On June 6, 2011, Apple CEO Steve Jobs announced the upcoming fall release of iCloud, on online cloud storage service designed to wirelessly store and share music, email, photos calendars and other data between Apple’s handheld gadgets and desktop computers. The service uses already existing cloud computing techniques to make the convenience and flexibility of the cloud work for home users. iCloud represents competition for services such as Amazon’s Elastic Compute Cloud (EC2) and Simple Storage Service (S3), or Google’s Gmail, Calendar, Picasa and Google Docs.
What’s the iCloud?
The iCloud is advertised as more than simply remote storage. Instead, it provides users with access to their digital content on any of their Apple devices, anytime, anywhere. For instance, users would be able to take a photo with their iPhone and have it appear right away on their iPad. Experts say that this is the consumer industry’s foray into the third era of consumer electronics: connected digital media.
iCloud features include:
- iTunes in the Cloud – Music purchased in iTunes automatically appear on all of the users’ Apple devices.
- Photo Stream – Photos taken on one device appear on other devices.
- Apps, books, documents and backups – All devices on iCloud will have the same apps, books and documents. iCloud also automatically backs up users’ data.
- Contacts, calendar and mail – The iCloud stores email, calendars and contacts. It also automatically pushes them to all connected devices.
Observers comment that the iCloud is the follow up to Apple’s MobileMe service. While the MobileMe subscription cost users $99/year, most of the iCloud features are free, as they are built into iOS 5, the next generation of Apple’s operating services. The only cost for using iCloud is the music scan-and-match service, where music from users’ existing libraries not acquired from iTunes can be matched by the 256 kbps-resolution versions in the iTunes library and then downloaded. The cost for this service is $25/year.
Dis/Advantages of the iCloud Service
Experts have taken a look at the pros and cons of the iCloud service. Some benefits it offers include:
- Synchronizing documents to ensure that users can access files conveniently from various digital devices.
- Apple offer 5GB of free storage, not including music, apps, books and photos.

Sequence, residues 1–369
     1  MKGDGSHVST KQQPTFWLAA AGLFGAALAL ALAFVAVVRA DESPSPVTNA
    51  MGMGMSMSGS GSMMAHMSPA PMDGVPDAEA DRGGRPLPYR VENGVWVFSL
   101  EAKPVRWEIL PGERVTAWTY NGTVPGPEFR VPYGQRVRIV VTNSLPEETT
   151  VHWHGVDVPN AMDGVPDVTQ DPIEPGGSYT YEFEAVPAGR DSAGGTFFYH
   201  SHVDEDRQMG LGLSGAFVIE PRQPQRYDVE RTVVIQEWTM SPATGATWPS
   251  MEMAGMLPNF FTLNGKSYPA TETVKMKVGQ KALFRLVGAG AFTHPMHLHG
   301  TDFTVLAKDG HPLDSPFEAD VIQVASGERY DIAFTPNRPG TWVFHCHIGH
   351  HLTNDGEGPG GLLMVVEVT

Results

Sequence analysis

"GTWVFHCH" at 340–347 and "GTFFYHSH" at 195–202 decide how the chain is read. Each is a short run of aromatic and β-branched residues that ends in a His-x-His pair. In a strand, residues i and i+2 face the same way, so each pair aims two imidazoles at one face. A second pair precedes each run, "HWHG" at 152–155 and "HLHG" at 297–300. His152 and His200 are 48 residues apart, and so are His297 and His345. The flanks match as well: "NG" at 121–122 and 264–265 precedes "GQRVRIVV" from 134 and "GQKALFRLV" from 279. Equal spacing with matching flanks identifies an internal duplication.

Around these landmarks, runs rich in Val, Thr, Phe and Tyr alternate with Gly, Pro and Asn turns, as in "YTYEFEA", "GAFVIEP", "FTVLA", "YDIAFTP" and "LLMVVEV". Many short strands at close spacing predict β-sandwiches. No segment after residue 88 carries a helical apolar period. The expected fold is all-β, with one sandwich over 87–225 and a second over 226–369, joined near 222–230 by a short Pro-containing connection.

- Synchronizes documents created with third-party apps. This raises issues on the impact it could have on developing apps for iCloud.
Some disadvantages of the service include:
- Apple applies an annual fee for the storage of singles not bought from iTunes.
- No iCloud support for XP users; the service requires that users are using either Vista or Windows 7.
- iCloud is much like a closed ecosystem, thus there is limited support of/by third parties, such as Flash video or Facebook in iOS.
Not everyone is a fan of this expansion. In response to Apple’s announcement, CNET editor Dong Ngo said:
“The second side effect is the loss of control. As iCloud is integrated into apps and devices, that might mean users will not have control over it, and may not even be able to opt out. If you store your purchased digital content in Apple’s iCloud storage space that could mean the company has control over what you can view. It’s unclear if you can even upload your own content, ripped music from your CDs or music purchased from other services for example, and store it in Apple’s iCloud. Judging from the way iTunes syncs contents with devices, it’s a safe guess that the iCloud service will offer users much less control over it than other existing cloud services.
Other cloud services allow users to access them on an opt-in basis, as the features and services are available on the devices if and when the users desire to use them. Critics point out that there is much less user control over the iCloud service. Since it is so integrated with the new Apple OS, there will inevitably be an excessive use of data connections. The iCloud will most likely use much more bandwidth than the iPhone; pushing data to multiple devices at the same time is much more bandwidth-intensive than playing games or downloading apps on a single device.
Another problem is the loss of control, which presents a security risk factor. Of course, this risk is present in all cloud services, but it is still something that users must be aware of.
This article introduces Apple’s upcoming release of iCloud, an online data storage and synchronizing service that will be offered with Apple’s latest operating system, iOS 5. The iCloud service will provide users with access to their digital content on any of their Apple devices, anytime, anywhere. The article takes a look at some of the advantages as well as disadvantages of the cloud-based service.
CCSK Exam Preparation
In preparation for the Certificate of Cloud Security Knowledge (CCSK), a security professional should be comfortable with topics related to this post, including:
- Contractual Security Requirements (Domain 2)
- Provider Selection (Domain 8)
- Access Control (Domain 12)